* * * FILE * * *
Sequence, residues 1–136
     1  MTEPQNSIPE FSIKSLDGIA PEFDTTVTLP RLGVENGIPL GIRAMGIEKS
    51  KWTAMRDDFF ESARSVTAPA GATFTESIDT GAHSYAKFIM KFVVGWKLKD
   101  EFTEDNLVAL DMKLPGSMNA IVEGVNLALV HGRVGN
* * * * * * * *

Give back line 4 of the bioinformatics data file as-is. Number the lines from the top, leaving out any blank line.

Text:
   101  EFTEDNLVAL DMKLPGSMNA IVEGVNLALV HGRVGN